Article credit : Bill Green


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Stock Photography Tips: Lifestyle Shots

Have you ever noticed when reading a magazine or flicking through a brochure, how many of the images are ‘lifestyle’ images? Photographs of people doing things, talking to each other, sitting in the gardens, exercising, eating and reading together etc. These kinds of photographs may seem contrived and a bit corny, but they have an important use in stock photography because they add something to the story.

For example, if a magazine is writing about exercising, they can search the stock libraries and find an image of someone of which their demographic can relate to doing some exercise. If it’s a specific kind of exercise, say yoga, it can be an image of that to demonstrate what it looks like.

Same goes for cooperate companies that look for images of people in suits or apparently in business meetings. It’s a good way to convey a professional image or to show what kind of team your company has (young, mature, professional work environment, relaxed) etc.

The benefit for companies is that it’s much cheaper to buy a stock image than it is to commission your own photographs. You get photogenic people and clean, well composed shots.

So if you are thinking of taking lifestyle shots to sell on a stock library what kind of things should you start with?

Well firstly think about the kind of images that people will want to buy – if you can make things a little specific, that’s great too because its more likely to be picked out by people who are working within a niche.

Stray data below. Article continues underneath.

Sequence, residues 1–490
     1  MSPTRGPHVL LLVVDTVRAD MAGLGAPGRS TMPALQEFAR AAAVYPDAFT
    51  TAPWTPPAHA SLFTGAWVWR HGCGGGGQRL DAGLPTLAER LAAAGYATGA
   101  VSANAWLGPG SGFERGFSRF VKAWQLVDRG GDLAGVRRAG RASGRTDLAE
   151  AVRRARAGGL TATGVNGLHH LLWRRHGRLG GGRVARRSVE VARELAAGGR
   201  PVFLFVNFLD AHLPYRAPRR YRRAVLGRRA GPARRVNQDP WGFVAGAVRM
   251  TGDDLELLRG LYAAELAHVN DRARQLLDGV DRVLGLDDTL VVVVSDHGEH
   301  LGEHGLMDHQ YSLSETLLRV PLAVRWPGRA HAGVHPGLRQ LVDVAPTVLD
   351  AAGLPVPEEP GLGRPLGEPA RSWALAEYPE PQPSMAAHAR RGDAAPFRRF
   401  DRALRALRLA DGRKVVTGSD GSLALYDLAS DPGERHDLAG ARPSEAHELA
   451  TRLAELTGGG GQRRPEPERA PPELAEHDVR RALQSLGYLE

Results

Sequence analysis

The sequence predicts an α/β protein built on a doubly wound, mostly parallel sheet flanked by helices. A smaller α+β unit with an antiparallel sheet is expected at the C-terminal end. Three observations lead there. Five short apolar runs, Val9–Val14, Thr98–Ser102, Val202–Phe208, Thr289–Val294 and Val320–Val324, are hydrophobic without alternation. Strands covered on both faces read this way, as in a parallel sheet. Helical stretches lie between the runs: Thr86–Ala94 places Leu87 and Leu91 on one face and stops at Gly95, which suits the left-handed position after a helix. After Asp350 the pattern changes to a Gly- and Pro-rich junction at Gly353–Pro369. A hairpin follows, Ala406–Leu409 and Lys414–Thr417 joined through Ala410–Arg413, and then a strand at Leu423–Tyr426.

Some ideas include:

1. Healthy Living shots.

These are very popular since internationally, the issue of health, obesity and weight loss is a constant news source. So think about shots of people doing exercise – it could be jogging, weights, yoga, stretches. It could be something with a water bottle; it could be someone in gym wear. It could even be something eating healthy food like salads, or eating something unhealthier like a large burger. Imagine what kind of story that could work for – perhaps a piece of how people are struggling with healthy eating?

Remember when you do these kinds of shots, it’s not actually about getting your model jumping around getting red and sweaty – pose them as you would at a fashion shot, making sure they look polished and there’s no motion blur.

2. Couples

Couples lifestyle shots work well because there are always features and articles concerning marriage, dating and love. In this case you don’t need to actually find a couple, and of course since there are many pieces written on same gender relationships you can even get two people of the same sex together.

In these cases you need to consider a few things – are your models happy with the context of the shot and aware that if someone buys it they can use it for all kinds of uses and articles? Are they happy to pose as a couple with the other person? A professional model understands the score, but if you are borrowing a friend then you need to let them know.

Then look at the couple – do they fit. Be honest here – is one person a lot younger looking than the other?

You can do shots of them together, looking happy but lover’s tiff or argument images also work well – for example a couple together and the woman folding her arms to express annoyance. These work well with women’s magazine articles.

credit : proud photography


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Top 10 Ways To Piss Off A Photographer

Top 10 Ways To Piss Off A Photographer(in no particular order)

1) Try ‘clever’ tricks to save money.Photographers have seen and heard just about every trick in the book, and you should realize this. You can expect to piss off a photographer if you treat them as if they haven’t experienced a few of these money-saving tricks already.